Old Iron – The first immigrants had no desire to find in France the mullahs they had left behind and supported the ban. Younger second or third-generation immigrants have seized on and degenerated Islam into a gang culture replete with molls. Those that reject it are often found murdered. “Tournantes” (taking place in the banlieues) are forms of gang rape, women are either “sluts” or “put to the burqa”. Worried French feminists want laicite strengthened and the burqa banned. The majority of those feminists are French North Africans. One of them was set upon and attacked by a French youth the other week and was lucky to escape with her life. Dozens and dozens of cases like this, most have horrific outcomes. There is, quite simply, no room for a naive or flippant acceptance of rising fundamentalism – not even if its basis in France is to express a sense of youth alienation. A lot of French imams have come out in support of the ban. It’s simply disingenius to chalk this issue up as racism. Quite simply, France needs jobs not extremist religion. But they have a very good and legally valid basis with laicite from which to have this debate.

    Anyway, bon weekend!

    • ~KC~ says:

      A strongly worded attack on an ISSUE… not a person. We have a rule here at our blog: attack an issue – not a person. While you might experience this issue in a personal way (and I respect that), please keep the comments to the issue and not towards the person, especially considering you don’t know me nor us. You are welcome to express your opinion anytime here, but to the very best of all of our abilities, we try to stick to that rule. It keeps it interesting while a safe place for everyone to comment, whatever side of an issue they may take.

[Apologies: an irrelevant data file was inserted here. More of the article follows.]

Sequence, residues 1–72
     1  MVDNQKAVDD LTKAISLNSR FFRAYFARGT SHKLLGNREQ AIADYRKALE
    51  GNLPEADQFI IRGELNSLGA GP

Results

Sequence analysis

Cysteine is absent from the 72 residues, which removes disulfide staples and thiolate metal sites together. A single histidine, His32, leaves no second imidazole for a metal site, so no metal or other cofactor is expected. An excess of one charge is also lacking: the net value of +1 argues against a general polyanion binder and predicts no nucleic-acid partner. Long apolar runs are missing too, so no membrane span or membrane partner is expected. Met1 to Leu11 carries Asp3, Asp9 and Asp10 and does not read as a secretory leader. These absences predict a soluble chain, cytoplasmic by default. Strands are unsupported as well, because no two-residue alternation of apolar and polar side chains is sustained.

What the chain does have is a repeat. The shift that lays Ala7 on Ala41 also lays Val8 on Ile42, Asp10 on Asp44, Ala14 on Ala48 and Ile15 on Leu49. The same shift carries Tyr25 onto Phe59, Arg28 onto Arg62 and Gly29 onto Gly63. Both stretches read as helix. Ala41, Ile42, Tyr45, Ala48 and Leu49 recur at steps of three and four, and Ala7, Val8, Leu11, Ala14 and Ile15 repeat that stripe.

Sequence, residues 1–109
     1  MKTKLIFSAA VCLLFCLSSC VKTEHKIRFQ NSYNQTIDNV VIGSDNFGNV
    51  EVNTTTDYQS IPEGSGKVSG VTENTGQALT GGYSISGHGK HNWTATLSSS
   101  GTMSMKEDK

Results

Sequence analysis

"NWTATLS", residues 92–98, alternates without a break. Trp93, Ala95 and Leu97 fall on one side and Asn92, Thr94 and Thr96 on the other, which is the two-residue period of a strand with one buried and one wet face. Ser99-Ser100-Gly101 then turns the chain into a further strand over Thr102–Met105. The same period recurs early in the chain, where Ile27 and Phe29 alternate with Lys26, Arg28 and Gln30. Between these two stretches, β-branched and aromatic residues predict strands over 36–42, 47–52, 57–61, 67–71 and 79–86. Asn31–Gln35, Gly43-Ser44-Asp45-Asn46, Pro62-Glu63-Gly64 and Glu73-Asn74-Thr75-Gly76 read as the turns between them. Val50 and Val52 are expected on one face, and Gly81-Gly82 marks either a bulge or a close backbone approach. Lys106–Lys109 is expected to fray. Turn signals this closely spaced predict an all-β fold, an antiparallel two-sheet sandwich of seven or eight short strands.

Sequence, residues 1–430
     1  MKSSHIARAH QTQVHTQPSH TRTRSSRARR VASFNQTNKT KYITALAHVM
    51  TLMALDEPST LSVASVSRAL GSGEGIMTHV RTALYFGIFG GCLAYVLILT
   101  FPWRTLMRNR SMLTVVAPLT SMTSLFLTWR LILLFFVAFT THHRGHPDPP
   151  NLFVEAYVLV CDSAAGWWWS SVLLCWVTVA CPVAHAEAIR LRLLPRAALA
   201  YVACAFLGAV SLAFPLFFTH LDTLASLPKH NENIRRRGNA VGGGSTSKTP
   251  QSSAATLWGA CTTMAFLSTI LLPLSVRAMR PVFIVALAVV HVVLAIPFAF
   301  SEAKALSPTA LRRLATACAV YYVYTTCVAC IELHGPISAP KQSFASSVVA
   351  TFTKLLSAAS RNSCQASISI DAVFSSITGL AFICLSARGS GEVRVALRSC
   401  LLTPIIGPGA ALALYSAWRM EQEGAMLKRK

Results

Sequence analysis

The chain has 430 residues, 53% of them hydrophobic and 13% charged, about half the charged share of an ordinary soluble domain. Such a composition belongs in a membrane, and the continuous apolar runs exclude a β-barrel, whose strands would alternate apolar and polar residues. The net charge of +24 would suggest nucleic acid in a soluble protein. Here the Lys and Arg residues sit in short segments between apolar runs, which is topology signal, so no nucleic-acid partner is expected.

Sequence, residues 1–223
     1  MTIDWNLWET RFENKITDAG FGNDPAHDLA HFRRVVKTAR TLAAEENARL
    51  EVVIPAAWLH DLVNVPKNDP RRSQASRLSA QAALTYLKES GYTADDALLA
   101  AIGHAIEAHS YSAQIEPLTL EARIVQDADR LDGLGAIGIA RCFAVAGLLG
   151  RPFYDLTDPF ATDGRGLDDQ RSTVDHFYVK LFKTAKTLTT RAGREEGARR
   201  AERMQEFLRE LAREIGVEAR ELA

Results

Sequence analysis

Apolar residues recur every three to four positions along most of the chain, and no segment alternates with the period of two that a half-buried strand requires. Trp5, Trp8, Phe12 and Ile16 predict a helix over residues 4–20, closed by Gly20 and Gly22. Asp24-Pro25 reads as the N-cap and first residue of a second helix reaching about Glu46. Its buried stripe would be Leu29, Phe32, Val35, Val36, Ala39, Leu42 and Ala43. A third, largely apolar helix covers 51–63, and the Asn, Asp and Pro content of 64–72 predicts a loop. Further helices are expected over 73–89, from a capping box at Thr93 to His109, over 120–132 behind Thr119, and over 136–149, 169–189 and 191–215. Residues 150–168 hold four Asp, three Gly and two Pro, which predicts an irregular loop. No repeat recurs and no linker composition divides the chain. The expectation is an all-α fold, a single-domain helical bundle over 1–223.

Thanks… et passe une très belle fin de semaine.

      EDIT: And while you keep emphasing the ‘secularism’ of France… I would like to state this: just because a country may state or put in writing “I AM THIS” or “I AM THAT” – it simply allows one to hide behind a veil of discrimination… especially when targeted at one particular group… while become impune to their action. All Western societies have done it… and France, in my personal opinion, is no exception in this case. Perhaps they need to target the ones attacking the Muslim women who have chosen NOT to wear the Burka in France, rather than targeting those who have chosen to. Again: I am not for the Burka. But I am all for the choice to decide for themselves… regardless of what you or I may feel about the garb… and to be able to choose to do so in a safe environment, without fearing for their lives, regardless of their choice.

  11. t i m says:

    I was reading about this earlier in one of weekend papers over here. I must admit don’t really know much about this, although there was one quote from a young Parisian which stood out, “Nowadays women have the right to take clothes off but not put them on”.

  12. alison says:

    The reason I emphasised secularism so often was because you claimed that muslims are discriminated against uniquely and that the hijab ban in schools was a form of racism. Neither of these arguments are factual. I’ve also mentioned the deeper issue of the banlieues. It would be worthwhile looking at that rather than simply leaning on racism as a crutch in this issue. Especially since since the hijab ban was supported by French society including its Arabic communities. And especially since it is the liberals in France, along with North African French citizens, who support the current discussion. They are hardly racists. Laicite matters in France. Immigration doesn’t change that.

    Strong opinions levelled at your argument or yours at French society are one thing KC but I don’t accept I made this in ANY way personal or unsafe. I came at this entirely through and about the issue via my blog. You are more than welcome over anytime.

    Cheers

  13. Pingback: Conflicted… Part II « Naked Writing